Let me tell you all about Irish Soda Bread and why it’s the best thing ever.
- It’s Irish. I’m just guessing here, but let’s go with it.
- It uses baking soda instead of yeast to rise up and become all yummy. So, I’m imagining that’s why it’s called soda bread. Makes sense, right?
- Because it doesn’t use yeast, it doesn’t require any annoying rise time, so the whole delicious loaf can be made start to finish in an hour and fifteen minutes. And an hour of that is baking in the oven.
Want to see what’s inside?
Dried fruit stuff! I think I see regular raisins, golden raisins, apricots, and somethings else unidentifiable. You can just use raisins if you want, but I saw this “dried fruit medley” in the bulk food section and just couldn’t help myself. They look like little jewels.
The fruit pieces add a bit of chewy texture to the loaf, while the caraway seeds impart a wonderful rustic flavor that compliments the sweetness of the fruit.
This recipe calls for buttermilk, but if you don’t have any just add a splash of vinegar to some regular milk and let it sit on the counter for 10 minutes or so before using it in the recipe.
This is essentially like making one huge drop biscuit. Just whisk together the dry ingredients, use a pastry blender or fork to cut in some cold butter, then mix together the wet ingredients and combine it all together.
Dump it onto a pan lined with parchment paper, and bake for an hour.
Because this recipe calls for just a tablespoon of heavy cream, I felt the need to do something with the rest of the carton so I decided to whip up (pun intended) some homemade butter.
Now, before you run away screaming, hear me out. It’s really easy. Just put the heavy cream in a mason jar, put the lid on, and shake the crap out of it for 6 or 7 minutes until it forms a big ball of butter in the center of some murky looking liquid.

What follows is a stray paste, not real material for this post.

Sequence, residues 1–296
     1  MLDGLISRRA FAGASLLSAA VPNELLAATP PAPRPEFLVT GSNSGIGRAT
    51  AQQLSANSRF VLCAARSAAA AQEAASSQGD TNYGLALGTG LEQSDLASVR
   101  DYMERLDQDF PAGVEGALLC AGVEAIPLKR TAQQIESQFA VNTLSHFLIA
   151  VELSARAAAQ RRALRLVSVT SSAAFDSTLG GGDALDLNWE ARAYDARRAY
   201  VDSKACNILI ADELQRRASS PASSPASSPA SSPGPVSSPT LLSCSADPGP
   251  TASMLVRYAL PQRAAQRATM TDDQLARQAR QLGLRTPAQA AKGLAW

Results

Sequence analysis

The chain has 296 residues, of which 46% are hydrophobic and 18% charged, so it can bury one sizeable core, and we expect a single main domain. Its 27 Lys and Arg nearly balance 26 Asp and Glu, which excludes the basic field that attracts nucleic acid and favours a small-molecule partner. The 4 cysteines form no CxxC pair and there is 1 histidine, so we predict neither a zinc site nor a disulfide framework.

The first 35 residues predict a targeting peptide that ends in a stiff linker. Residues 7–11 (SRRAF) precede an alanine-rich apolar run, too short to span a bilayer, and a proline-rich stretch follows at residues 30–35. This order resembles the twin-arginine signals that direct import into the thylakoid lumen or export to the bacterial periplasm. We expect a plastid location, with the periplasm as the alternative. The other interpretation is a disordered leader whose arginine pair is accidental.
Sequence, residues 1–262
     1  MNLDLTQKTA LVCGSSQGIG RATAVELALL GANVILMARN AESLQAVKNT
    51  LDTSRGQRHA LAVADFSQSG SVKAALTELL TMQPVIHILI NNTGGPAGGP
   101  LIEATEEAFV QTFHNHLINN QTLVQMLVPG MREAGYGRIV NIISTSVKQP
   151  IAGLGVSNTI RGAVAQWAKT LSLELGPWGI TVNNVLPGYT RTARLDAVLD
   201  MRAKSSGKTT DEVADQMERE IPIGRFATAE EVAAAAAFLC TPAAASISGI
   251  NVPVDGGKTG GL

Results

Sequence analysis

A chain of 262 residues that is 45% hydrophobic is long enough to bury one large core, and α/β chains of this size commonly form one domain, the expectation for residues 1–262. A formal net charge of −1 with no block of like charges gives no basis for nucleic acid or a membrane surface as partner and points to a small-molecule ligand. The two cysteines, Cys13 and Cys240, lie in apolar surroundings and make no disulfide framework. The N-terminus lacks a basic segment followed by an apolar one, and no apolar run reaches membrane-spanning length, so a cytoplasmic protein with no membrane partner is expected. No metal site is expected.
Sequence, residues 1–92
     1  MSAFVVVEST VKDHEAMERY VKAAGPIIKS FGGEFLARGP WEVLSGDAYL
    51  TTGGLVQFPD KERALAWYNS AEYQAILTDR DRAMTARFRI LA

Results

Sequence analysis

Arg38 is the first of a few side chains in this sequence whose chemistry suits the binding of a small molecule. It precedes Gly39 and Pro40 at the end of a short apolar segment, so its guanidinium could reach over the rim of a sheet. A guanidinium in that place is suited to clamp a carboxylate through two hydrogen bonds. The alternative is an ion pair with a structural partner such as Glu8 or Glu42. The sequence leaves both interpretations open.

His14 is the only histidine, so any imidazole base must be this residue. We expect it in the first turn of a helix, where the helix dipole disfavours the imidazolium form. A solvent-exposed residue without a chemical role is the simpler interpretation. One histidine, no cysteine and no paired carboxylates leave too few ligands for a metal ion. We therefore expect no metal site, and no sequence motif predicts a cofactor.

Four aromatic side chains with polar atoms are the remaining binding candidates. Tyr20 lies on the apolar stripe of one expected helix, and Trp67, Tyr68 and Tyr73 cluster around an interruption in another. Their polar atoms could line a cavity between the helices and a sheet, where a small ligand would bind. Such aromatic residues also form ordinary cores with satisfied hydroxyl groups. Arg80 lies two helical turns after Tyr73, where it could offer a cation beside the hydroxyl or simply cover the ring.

If the cream is at room temperature first, it will turn into butter a lot faster. It will turn into whipping cream first, but don’t stop there – keep shaking until the fat totally separates from the whey.
Dump the contents of the jar out into a fine mesh sieve (or cheesecloth, or coffee filter if you’re really desperate) and run some very cold water over it. Put the butter back in the jar, and use a spoon or spatula to press out any remaining liquid. Rinse it in the sieve again, then just stir in some salt and you’ve got delicious buttah.
See how easy that was? It tastes approximately 8 or 9 thousand times better than store-bought butter. Mine keeps just fine in the fridge until I use it (a week or so).
Now just spread that creamy delicious butter onto a slice of warm, savory bread.
This loaf did not last very long in our house. We had it with some awesome lentil soup, then I ate quite a bit of the bread later in the week alternately as dessert and breakfast.
The caraway seeds give it a really distinctive German flavor and make you feel all sorts of fancy and worldly. And I know how you like to feel fancy and worldly.
So go on and make a loaf this weekend!
Here’s Your Recipe!
The Wanderlust Kitchen
15 minPrep Time
60 minCook Time
1 hr, 15 Total Time
- 4 c. bread flour (or use all-purpose)
- 1/4 c. sugar
- 1 tsp. salt
- 2 tsp. baking powder
- 2 Tbsp. whole caraway seeds
- 4 Tbsp. cold unsalted butter
- 2 c. small dried fruit pieces (such as raisins)
- 1 1/2 c. buttermilk
- 1 egg
- 1 tsp. baking soda
- 1 large egg yolk
- 1 Tbsp. heavy cream
- Preheat your oven to 350. Line a baking sheet with parchment paper and set aside.
- In large bowl, whisk together the flour, sugar, salt, baking powder, and caraway seeds.
- Using a pastry cutter or fork, cut the cold butter into the dry mixture until it resembles coarse meal. Stir in the dried fruit.
- In a small bowl, whisk together the buttermilk, whole egg, and baking soda.
- Pour the liquid into the flour mixture, then stir with fork until the mixture holds together.
- Using your hands, press it into a round dome-shaped loaf and place it on a baking sheet.
- In small bowl, whisk together the egg yolk and cream. Brush this mixture over the loaf. Use a sharp knife to make large "X" about a 1/2 inch deep over the top.
- Bake, rotating halfway through, 60 minutes. Cool on rack.